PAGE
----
It has been a long and fraught journey, but Robyn arrives at her sixth full studio album as an A-List pop star. Those who followed her in the early days could barely have imagined that the leftfield, adventurous and brave pioneer of such tracks as ‘Electric’ and ‘Do You Know (What It Takes)’ would end up front and centre of the genre - sharing a mic with the likes of Neneh Cherry and Snoop Dogg. But having dazzled, amazed and euphorically swept the pop mainstream aside with the two parts of her Body Talk duology – a series of astonishing, brave and brilliant pop singles that somehow managed to branch multiple genres with a breathless ease – there is simultaneously a tremendous excitation and expectation on Honey to match its impact.
The truth of the matter is that it both does, and does not succeed in meeting these expectations. On one hand, Honey is an accomplished and intriguing record, whilst on the other, it never comes close to scaling the highest peaks of her back catalogue. The joys of the record are found in its consistency and flow. From track-to-track and beginning-to-end, the album plays out like a night out on the town to cure a torn heart – beginning with the glorious synth-shimmer-sorrow of lead single ‘Missing You’, the introspective, existential need for human connection displayed throughout the bleeding heart of ‘Human Being’ and the glistening and orchestral emotional recall found within the sensory stabs of ‘Because It’s in the Music’. The opening trio of songs almost serve to form a simultaneous prologue and epilogue to 2010’s astonishing ‘Dancing on my Own’ – Roybn encapsulating the idea of the inherent human need for contact, warmth, love and music; battling hard against the rocky shores of heartbreak. The best display of this is in the show-stopping maelstrom of ethereal pulses and kicks for the surface that comprise ‘Honey’ – a track both moving and galvanising in its emotive beauty.
The problem is however, that as beautiful and engaging as these tracks are, beyond these there are few times where you feel that Honey takes any meteoric steps forward – unusual for an artist of such talent and ambition. Roybn has always been at her best when compressing genres together – fusing dancehall and electro, pop and R’n’B and disparate elements. And if flaws present within Honey, it is the absence of this intermingling of flavours, often to the detriment of the overall picture. ‘Baby Forgive Me’ takes a beautiful, minimalist palate but is reluctant to leave base camp; the final half of the track spinning prettily, but emptily in space. Similarly, its conjoined twin – ‘Send to Robyn Immediately’ promises to explode into life but ultimately fail to deliver on the beautifully interwoven vocal lines and swirling clouds of synthesiser. There is much here to admire and to appreciate, but the middle section of the record – though consistent – often fails to fully engage in the way that so much of her previous work has done.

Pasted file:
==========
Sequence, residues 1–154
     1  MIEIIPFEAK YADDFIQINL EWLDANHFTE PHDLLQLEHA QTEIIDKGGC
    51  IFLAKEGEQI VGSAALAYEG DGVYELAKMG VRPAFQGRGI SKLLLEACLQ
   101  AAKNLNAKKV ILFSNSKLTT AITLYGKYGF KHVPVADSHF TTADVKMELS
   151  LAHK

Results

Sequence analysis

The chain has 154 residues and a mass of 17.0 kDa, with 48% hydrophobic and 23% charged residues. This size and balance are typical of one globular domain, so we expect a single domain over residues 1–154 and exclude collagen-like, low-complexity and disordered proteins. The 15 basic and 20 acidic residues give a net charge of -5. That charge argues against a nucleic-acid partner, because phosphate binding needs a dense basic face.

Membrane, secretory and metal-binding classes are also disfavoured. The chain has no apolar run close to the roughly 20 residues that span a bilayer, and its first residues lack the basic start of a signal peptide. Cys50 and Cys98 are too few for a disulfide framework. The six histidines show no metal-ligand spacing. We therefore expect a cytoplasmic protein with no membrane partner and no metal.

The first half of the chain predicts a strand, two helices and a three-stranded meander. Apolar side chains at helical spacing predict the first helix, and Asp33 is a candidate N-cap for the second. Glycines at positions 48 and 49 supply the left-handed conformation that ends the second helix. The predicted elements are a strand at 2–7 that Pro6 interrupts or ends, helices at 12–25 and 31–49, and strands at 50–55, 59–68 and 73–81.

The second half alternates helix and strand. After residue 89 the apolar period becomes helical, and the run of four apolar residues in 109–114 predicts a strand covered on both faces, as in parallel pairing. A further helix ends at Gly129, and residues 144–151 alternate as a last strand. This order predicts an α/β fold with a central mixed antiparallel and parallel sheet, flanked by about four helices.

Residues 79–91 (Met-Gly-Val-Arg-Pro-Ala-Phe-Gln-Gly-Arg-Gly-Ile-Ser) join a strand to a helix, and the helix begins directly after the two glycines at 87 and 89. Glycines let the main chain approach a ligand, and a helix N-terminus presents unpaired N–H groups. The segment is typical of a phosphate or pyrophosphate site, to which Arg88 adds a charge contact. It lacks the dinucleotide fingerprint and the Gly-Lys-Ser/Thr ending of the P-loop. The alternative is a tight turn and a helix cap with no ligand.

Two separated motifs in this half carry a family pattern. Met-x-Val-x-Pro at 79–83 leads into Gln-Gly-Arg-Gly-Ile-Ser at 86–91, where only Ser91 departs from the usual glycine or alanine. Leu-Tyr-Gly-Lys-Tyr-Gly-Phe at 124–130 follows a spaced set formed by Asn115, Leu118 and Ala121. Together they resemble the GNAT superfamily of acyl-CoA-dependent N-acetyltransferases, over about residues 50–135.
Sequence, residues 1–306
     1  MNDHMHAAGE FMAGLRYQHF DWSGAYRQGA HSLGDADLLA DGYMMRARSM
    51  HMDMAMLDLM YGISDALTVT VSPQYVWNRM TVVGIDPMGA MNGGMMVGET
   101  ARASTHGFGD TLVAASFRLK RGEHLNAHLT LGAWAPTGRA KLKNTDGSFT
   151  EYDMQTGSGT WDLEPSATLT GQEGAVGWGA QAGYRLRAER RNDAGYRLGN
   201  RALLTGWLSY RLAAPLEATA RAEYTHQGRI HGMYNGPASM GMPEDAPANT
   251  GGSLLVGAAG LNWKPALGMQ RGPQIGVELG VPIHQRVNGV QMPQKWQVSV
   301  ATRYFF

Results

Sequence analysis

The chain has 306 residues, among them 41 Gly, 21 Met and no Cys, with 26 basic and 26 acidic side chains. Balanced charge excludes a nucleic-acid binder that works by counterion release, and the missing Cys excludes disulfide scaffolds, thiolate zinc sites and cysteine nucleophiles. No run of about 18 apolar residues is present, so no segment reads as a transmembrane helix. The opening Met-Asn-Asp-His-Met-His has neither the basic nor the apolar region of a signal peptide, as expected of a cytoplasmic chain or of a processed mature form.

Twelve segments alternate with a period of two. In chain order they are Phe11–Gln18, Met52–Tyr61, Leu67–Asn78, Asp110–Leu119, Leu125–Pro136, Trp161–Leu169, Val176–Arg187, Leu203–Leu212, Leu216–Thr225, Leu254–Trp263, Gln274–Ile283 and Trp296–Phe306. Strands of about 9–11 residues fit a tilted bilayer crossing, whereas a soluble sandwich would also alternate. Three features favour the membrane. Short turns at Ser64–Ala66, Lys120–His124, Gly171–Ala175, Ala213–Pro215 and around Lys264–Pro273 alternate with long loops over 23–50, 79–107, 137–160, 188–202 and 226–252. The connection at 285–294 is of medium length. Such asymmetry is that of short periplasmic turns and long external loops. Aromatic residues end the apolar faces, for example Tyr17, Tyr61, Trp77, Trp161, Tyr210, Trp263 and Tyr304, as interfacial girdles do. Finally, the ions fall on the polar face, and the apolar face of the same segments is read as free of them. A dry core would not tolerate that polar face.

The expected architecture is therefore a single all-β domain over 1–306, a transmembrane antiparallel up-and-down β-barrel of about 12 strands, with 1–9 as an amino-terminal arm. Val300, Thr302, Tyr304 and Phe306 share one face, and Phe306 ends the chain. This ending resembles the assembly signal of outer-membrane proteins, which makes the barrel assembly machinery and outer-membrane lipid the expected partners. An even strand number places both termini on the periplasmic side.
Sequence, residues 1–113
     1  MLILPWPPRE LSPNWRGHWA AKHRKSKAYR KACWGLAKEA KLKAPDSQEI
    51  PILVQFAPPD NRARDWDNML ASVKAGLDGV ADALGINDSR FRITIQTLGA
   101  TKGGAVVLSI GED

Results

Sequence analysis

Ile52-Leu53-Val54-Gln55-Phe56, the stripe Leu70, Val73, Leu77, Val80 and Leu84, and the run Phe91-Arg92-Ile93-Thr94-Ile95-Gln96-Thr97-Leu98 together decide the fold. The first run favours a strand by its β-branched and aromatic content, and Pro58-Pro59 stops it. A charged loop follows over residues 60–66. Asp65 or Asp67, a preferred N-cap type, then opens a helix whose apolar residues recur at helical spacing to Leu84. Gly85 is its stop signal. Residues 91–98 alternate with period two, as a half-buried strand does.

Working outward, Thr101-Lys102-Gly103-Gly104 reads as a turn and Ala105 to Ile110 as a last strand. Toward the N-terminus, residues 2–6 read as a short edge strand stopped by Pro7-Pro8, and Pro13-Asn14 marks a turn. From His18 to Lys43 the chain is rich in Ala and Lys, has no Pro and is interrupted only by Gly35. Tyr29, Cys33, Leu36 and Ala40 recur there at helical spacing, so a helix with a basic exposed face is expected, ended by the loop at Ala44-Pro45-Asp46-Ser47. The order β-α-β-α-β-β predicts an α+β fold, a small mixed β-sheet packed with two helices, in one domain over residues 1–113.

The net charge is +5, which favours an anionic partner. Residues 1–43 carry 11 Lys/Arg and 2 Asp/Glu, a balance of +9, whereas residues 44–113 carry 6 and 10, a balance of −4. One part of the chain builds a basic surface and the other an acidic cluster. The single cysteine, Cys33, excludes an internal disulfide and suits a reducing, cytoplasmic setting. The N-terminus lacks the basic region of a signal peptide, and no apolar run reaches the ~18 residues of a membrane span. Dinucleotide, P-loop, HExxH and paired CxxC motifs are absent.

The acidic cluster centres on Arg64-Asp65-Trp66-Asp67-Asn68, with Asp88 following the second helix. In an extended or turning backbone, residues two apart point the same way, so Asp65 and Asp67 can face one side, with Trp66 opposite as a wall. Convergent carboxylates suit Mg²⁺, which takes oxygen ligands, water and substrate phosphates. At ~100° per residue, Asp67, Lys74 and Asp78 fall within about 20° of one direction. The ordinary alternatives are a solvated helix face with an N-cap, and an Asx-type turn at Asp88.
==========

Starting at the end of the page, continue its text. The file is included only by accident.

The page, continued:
So how does Robyn address this? Basically, she decides to throw a party. From the opening of ‘Between the Lines’, the album suddenly flips itself and becomes a full-scale rave. Initially, it is hard to fully get the measure of. Is it indicative of trying to overcome sorrow (it needs to be said that Robyn herself has much of the record was inspired by a relationship breakup and the tragic death of long-term collaborator Christian Faulk) by simply dancing and trying to exhale the sadness in a cloud of steam and perspiration? Or is it simply counterbalancing the earlier introspection of the record? Either way, the Nineties Acid House groove of the aforementioned track and the minimalist Balearic techno of ‘Beach2k20’ are bizarrely and starkly juxtaposed against the first half of the record but strangely, as you listen the whole thing begins to coalesce. Whether intentional or accidental, the contrast seems to draw the album together as a whole and allows Robyn’s rebellious streak to finally come to the fore. Combined with the pulsing elastic groove of ‘Ever Again’, the album finishes on an incredibly strong run and ultimately resolves into a triumph – showing the unique ability of pop music to rescue itself from the stickiest situations.
Very few pop albums (The Visitors, Thriller, Like a Prayer) manage to maintain absolute brilliance and absolute consistency throughout. Most of the recent great pop albums contain a few astonishing high-points separated by album tracks of variable and wavering quality. Honey falls somewhere in the middle. At its best (‘Missing You’, ‘Honey’, ‘Ever Again’) it again shows the remarkable talent that Robyn has to harness the power of melody and the meeting of the past and future to create unique and immediate pop music. And whilst these songs are far from her finest work, the consistency of the record helps to secure their roots and stand them out more prominently. Honey is a fine record, a consistent record and a thoroughly enjoyable record. But it is not a great record, and in comparison with the standard she has set for herself previously, this is a mild (though fleeting) disappointment. That said, there is still a clear and beating heart here and the sheer humanity of Robyn’s musical soul remains one of the most beautiful things in contemporary music. With a bit of luck, Honey will sell millions of copies. But musically, it may serve more to open musical doors than create its own unique legacy.
7David Edwards's Score